In 2023, the children and youth film festival in Malmö, Sweden turned 40. To highlight and celebrate the anniversary, I was tasked with developing and implementing a new visual identity.
The main challenge with designing for an audience consisting of children and youth is that tastes and interests change very quickly when we are young. Something that will appeal to six year old will not necessarily grab the attention of a teen. Based on these challenges, we developed a few key goals with the redesign, some of which seem obvious but had been lacking previous years.
- The centerpieces of the design must very clearly communicate that this is a film festival
- Both the print and online festival program must be easy to understand and sort through
- The design must be flexible enough to be implemented across many different types of media, and by many different people
Based on these criteria I started putting down ideas for the new identity. Because posters would be the main mode of communication for the festival, so it made sense to try and capture the ideas in this format first. Doodles and hand drawn text was used to reference kids drawings and sketches in school notebooks. They also proved to be a flexible design element.
While many of these sketches felt strong in their own right, they did not quite accomplish one of the most important goals we set out for ourselves – they did not scream film festival, more than the words themselves. I searched for references, and while film festivals all look very different, film posters however do have some distinctive elements that could prove useful. Among these elements, the main-character-face-collage is one that seemed to most clearly that this is about film and nothing else.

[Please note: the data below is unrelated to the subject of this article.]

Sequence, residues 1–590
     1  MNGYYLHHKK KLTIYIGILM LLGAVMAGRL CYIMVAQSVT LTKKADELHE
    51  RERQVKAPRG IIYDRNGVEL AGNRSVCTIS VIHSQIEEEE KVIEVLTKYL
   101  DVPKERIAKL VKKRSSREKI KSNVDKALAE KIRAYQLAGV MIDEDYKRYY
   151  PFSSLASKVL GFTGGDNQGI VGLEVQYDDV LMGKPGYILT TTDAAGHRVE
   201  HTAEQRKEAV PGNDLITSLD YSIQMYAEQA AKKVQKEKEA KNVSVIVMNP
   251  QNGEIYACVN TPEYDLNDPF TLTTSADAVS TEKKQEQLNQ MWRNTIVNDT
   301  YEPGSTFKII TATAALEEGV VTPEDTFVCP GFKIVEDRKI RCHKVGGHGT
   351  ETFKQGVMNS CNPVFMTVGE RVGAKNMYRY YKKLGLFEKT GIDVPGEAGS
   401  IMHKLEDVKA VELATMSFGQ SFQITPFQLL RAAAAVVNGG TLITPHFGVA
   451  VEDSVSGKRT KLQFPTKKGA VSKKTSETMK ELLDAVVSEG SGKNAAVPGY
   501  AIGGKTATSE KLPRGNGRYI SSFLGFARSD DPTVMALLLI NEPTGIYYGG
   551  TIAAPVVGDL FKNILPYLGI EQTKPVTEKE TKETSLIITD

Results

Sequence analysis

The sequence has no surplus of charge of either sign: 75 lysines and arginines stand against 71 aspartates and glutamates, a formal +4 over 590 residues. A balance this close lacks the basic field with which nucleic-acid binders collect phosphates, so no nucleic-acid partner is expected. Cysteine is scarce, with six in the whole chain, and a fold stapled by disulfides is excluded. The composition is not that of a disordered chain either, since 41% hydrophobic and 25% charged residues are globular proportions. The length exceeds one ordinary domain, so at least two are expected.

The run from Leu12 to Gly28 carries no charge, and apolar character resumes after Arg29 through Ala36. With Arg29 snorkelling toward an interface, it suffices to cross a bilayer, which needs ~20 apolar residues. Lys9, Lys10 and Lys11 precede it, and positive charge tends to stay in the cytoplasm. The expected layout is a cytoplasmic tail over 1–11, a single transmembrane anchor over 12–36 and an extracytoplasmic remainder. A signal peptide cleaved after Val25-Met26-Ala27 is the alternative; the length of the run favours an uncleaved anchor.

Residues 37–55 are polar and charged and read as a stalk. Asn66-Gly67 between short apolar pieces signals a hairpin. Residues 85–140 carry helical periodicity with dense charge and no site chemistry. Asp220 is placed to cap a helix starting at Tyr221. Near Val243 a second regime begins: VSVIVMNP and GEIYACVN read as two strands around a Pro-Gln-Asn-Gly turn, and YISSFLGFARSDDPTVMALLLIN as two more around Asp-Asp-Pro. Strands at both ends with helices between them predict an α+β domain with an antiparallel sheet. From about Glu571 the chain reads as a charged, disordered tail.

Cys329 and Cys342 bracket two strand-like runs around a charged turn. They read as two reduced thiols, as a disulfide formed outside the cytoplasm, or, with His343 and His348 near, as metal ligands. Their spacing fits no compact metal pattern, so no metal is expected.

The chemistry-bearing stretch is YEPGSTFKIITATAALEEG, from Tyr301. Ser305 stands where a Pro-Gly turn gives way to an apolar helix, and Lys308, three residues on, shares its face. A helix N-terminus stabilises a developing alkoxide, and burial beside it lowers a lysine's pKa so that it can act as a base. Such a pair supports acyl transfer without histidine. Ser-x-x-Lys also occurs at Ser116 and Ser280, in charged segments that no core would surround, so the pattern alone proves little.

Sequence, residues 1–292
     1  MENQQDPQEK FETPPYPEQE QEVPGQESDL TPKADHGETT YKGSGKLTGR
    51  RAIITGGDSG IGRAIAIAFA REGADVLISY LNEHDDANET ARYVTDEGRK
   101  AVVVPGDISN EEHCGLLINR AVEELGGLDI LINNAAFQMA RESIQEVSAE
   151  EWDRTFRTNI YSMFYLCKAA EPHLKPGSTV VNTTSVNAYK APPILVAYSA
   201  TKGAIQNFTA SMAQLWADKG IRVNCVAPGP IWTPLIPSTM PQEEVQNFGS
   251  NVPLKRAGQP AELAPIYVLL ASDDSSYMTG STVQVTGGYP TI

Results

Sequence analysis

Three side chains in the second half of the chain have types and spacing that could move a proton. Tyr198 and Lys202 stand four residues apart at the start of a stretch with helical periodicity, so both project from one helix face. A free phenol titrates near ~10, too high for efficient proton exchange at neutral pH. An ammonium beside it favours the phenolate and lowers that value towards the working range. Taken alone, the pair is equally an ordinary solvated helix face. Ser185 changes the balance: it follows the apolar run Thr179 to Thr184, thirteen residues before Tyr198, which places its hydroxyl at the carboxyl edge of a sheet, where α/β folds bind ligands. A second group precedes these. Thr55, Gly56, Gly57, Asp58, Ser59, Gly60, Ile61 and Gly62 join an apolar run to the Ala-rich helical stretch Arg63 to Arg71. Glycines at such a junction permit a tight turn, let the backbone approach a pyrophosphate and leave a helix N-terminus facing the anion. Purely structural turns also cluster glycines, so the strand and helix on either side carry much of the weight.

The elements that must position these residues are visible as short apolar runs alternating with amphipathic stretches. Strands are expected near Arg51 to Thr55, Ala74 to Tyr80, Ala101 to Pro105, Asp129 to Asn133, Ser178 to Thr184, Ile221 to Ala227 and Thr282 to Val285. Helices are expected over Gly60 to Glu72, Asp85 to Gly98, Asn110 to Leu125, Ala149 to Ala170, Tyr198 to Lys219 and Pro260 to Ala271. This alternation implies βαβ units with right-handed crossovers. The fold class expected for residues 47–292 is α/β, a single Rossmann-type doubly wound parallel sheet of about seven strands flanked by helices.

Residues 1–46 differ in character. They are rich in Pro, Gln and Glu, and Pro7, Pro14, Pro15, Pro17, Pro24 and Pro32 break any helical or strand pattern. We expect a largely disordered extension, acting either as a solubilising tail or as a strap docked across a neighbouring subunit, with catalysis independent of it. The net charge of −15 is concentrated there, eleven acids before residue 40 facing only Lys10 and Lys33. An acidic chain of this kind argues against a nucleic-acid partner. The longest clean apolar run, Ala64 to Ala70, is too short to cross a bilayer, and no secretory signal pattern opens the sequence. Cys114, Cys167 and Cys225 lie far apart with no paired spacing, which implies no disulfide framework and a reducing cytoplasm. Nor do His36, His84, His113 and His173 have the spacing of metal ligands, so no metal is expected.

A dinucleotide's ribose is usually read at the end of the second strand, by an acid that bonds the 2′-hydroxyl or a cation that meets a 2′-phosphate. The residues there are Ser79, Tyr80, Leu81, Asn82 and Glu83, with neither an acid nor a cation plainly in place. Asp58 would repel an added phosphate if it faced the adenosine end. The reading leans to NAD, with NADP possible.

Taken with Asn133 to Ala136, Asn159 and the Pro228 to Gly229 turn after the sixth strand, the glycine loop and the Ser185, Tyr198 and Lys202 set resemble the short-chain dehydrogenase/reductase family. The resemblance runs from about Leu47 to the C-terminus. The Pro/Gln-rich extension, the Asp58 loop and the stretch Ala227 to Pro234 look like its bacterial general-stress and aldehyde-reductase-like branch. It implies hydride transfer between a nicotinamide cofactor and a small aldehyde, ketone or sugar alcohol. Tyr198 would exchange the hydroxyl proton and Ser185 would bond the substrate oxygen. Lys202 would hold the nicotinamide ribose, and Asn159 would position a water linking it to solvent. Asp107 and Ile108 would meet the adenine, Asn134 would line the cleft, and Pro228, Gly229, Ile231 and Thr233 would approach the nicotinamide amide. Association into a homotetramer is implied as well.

Since the 2023 festival program was not yet decided, I started experimenting with collages using past years films and images. I also tried incorporating an award laurel in the design, as this is a common element used by film festivals.
As the film program was finalized I grabbed new images and movie stills to complete the final poster. During this process I also created all of the hand drawn assets used in the visual identity, that had previously been sourced from different places online for prototyping.
After the centerpiece of the design was completed, the catalog and other deliverables started falling into place.
As the festival was coming closer, we also needed video promotion, both for social media, but also for the opening ceremony and award gala. Since this was the 40th anniversary, I wanted to create something that effectively showed the festivals legacy, while at the same time showcasing this years films. The video also gave me the chance to bring the doodle elements from the visual identity to life through animation, as well as work on a fitting soundtrack.
My main takeaway from this project is something that I think has to be learnt time and time again – that a visual identity and the designs that come out of it are only successful if they manage to achieve the goals they are meant to fulfill. As you can tell from the exploration phase above, I started out with drafts that felt nice and looked nice to me, but did not fulfill their purpose. Instead I ended up with something that I would not necessarily be attracted to, but which did do a much better job of completing our goals of strong identity, clear communication and flexibility.
More early drafts and design ideas can be found here.